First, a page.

• Reduce ASB incidents.
  • Change perceptions, attitudes, and behaviours towards VAWG and ASB in public places, with the long-term goal of reducing VAWG crimes and disorder in public. However, for VAWG and ASB, it should be noted that increased reporting could be seen as a positive outcome.
  • Improve feelings of safety for everyone within the community, in particular women and girls’ feelings of safety in public spaces and the Night-Time Economy1 (NTE).
  • Make local areas safer and reduce demand on the police, local authorities, and other local agencies.
  • Increase local area trust in policing and their activities within the community.
  • Build the evidence base for what works on reducing neighbourhood crimes and ASB and for changing attitudes and behaviours in relation to VAWG in the public domain.

The secondary objectives are to:

  • Grow local capability, and increase community ownership, to undertake data driven problem solving and capture evidence and practical learning about how best to implement interventions to prevent crime and ASB. Understand secondary crime benefits associated with preventing and reducing neighbourhood crime, VAWG and ASB.
  • Improve the national and local data picture regarding neighbourhood crime, ASB, and VAWG in public spaces.
  • Improve awareness of the ASB tools and powers from the 2014 Anti-social Behaviour, Crime and Policing Act and the approaches in the Anti-Social Behaviour Action Plan 2023.

4. Impact of not approving the application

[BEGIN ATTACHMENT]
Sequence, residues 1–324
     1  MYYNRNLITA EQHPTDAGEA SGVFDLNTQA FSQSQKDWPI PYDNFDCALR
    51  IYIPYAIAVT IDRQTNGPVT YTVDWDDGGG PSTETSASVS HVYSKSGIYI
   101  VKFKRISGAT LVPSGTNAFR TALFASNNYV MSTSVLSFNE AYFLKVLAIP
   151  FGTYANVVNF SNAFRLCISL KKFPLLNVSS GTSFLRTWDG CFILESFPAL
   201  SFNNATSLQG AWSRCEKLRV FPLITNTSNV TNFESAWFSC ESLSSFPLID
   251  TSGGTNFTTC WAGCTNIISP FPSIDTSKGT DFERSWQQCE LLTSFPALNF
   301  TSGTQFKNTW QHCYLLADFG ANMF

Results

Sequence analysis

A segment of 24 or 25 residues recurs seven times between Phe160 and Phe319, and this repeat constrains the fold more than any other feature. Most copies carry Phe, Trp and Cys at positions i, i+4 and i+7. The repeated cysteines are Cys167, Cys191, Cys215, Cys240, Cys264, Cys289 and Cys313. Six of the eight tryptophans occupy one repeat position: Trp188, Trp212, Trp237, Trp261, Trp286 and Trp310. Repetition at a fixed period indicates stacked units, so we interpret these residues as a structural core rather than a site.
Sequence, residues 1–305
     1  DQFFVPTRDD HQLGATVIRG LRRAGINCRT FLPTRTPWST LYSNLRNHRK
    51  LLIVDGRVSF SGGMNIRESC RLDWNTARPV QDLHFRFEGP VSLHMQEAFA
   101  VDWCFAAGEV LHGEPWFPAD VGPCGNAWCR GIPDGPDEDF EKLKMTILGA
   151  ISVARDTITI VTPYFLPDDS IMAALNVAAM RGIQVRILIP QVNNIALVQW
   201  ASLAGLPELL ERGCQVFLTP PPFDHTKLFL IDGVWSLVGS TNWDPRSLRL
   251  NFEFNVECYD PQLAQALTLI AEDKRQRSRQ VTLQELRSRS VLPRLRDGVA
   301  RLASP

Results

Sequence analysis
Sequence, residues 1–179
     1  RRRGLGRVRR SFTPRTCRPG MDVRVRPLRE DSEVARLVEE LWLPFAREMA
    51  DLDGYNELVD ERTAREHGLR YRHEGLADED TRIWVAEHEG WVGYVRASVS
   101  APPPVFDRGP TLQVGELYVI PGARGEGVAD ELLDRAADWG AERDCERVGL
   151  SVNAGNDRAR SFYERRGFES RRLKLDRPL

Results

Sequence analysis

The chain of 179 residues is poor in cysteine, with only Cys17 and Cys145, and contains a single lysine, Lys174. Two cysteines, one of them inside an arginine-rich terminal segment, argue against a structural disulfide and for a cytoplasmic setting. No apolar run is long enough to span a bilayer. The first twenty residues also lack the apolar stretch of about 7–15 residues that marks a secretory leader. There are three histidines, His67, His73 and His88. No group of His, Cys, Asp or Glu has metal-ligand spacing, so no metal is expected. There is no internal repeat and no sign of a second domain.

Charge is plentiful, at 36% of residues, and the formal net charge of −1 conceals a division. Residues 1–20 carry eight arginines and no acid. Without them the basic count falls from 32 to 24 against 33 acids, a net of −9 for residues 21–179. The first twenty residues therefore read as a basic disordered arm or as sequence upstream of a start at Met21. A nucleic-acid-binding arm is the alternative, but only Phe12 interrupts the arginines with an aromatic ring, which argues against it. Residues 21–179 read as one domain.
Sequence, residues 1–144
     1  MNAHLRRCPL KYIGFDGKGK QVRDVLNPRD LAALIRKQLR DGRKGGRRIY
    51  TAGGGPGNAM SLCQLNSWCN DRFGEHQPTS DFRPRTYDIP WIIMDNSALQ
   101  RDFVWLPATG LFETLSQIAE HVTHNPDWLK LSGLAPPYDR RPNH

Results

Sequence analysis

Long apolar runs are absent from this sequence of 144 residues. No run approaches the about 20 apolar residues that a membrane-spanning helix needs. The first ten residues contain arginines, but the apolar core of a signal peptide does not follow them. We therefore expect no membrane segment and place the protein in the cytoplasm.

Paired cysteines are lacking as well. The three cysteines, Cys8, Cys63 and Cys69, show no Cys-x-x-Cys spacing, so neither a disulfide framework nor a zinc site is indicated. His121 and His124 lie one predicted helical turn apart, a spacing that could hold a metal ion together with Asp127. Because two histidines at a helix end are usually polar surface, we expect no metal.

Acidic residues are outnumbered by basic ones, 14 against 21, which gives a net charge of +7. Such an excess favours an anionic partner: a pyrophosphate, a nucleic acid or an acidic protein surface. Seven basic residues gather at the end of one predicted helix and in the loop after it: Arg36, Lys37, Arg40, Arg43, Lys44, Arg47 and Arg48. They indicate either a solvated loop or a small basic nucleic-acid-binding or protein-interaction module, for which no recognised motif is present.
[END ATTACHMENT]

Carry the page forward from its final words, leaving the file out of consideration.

The county would miss out on £0.820m of funding made available by the Home Office to deliver interventions to address specific crime types.

5. Costs (including any identified savings)

£0.820m of funding has been secured from the Home Office, split across 2023/24 and 2024/25.  Separate grant agreements will be issued for each year and there can be no slippage in spending from 2023/24 to 2024/25. Some underspending has been identified against the 2023/24 projects, and because of this and the lower funding allocations for 2024/25, the Home Office have approved the changes outlined within the project re-submissions whereby some work being expedited.

A grant agreement for 2024/25 is expected, based on the revised funding of £0.355m prior to April 2024.

6. Equality considerations

All policies apply and partner organisations must ensure that impact assessments are undertaken where appropriate.

7. Legal comments

Terms and conditions will be issued to other partners for the delivery of their projects and any underspends in either year will be returned in line with the grant conditions to the Home Office.

8. Social or Environmental considerations

SSFR5 will continue to support the work of PCCs and local partners to prevent and tackle issues which can blight communities, have a serious impact on the health and wellbeing of individuals, and ruin the enjoyment of, and feelings of safety within public spaces.

9. Publication

Information in this form is subject to the Freedom of Information Act 2000 (FOI Act) and other legislation.  Unless the information provided is covered by an exemption, the information contained in the form will be published on the Warwickshire PCC website.

Comments from the Treasurer

The costs of the Safer Streets 5 projects will be met in full from the £0.820m of approved grant funding from the Home Office, spread over the 2023/24 and 2024/25 financial years.  The OPCC will oversee the projects with partners, issuing terms and conditions to them and processing subsequent payments for costs incurred in line with the approved project submission.  The Office will also be responsible for submitting the required returns to the Home Office, in line with the requirements of the Home Office grant agreement to draw down the grant funding.

Comments from the Chief Executive and Monitoring Officer

This funding brings opportunities for targeted work in specific areas to address known issues. A robust process has supported the application and costing work.